While I was exploring the streets of London, I noticed something interesting on the side of a building. It was a plaque indicating that the building used to be a consulate for the Republic of Texas.

The Texas authorities convinced that they might have to carry on as an independent nation, decided to establish commercial relations with European powers and so strengthen their position. Accordingly, James Pinckney Henderson, secretary of state, was sent to London early in October 1837 to open negotiations with Lord Palmerston.

The British were fearful that recognition would jeopardize their friendly standing with Mexico and declined to enter into formal relations; they did consent, however, to admit Texas commerce to British ports on their own terms.  France was the first country to recognize Texas as a country.

European powers were not inclined to enter into any formal agreements since the continued existence of Texas was doubtful in the face of renewed conversations on annexation to the United States.  In 1844, Congress agreed to annex Texas and in 1845, Texas entered the United States thus setting off the Mexican-American War.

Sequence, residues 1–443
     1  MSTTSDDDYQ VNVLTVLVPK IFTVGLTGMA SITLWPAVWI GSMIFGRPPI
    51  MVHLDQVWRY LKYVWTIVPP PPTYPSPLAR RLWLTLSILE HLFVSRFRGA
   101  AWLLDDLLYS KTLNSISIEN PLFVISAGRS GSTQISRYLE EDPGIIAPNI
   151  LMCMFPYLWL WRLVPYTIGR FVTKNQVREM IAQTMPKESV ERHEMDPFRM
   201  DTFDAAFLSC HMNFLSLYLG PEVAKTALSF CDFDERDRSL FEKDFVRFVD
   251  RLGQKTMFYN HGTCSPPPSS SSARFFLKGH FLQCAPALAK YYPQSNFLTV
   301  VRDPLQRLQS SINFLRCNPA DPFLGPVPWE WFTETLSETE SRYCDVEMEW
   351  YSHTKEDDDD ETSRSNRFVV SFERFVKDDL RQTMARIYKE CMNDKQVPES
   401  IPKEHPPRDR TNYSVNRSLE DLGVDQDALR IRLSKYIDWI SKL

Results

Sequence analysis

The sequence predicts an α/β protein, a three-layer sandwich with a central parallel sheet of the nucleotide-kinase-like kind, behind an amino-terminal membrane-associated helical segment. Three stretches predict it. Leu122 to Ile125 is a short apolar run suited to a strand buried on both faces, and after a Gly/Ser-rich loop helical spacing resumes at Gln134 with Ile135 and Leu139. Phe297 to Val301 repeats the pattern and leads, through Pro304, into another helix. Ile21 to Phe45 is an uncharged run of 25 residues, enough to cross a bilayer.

It was very interesting to explore historical areas when you travel.  Having lived in Texas for a short while, I thought this was very interesting.

Shane is a retired Navy Chief and a former Deputy Sheriff. He now works in the aviation field ensuring the safety of the flying public. The views expressed here are his own personal views and do not necessarily represent the views of his employer.

2 Comment on “Republic of Texas Embassy in London

Leave a Reply

Fill in your details below or click an icon to log in:

WordPress.com Logo

You are commenting using your WordPress.com account. Log Out /  Change )

Google+ photo

You are commenting using your Google+ account. Log Out /  Change )

Twitter picture

You are commenting using your Twitter account. Log Out /  Change )

Facebook photo

You are commenting using your Facebook account. Log Out /  Change )

Connecting to %s

%d bloggers like this: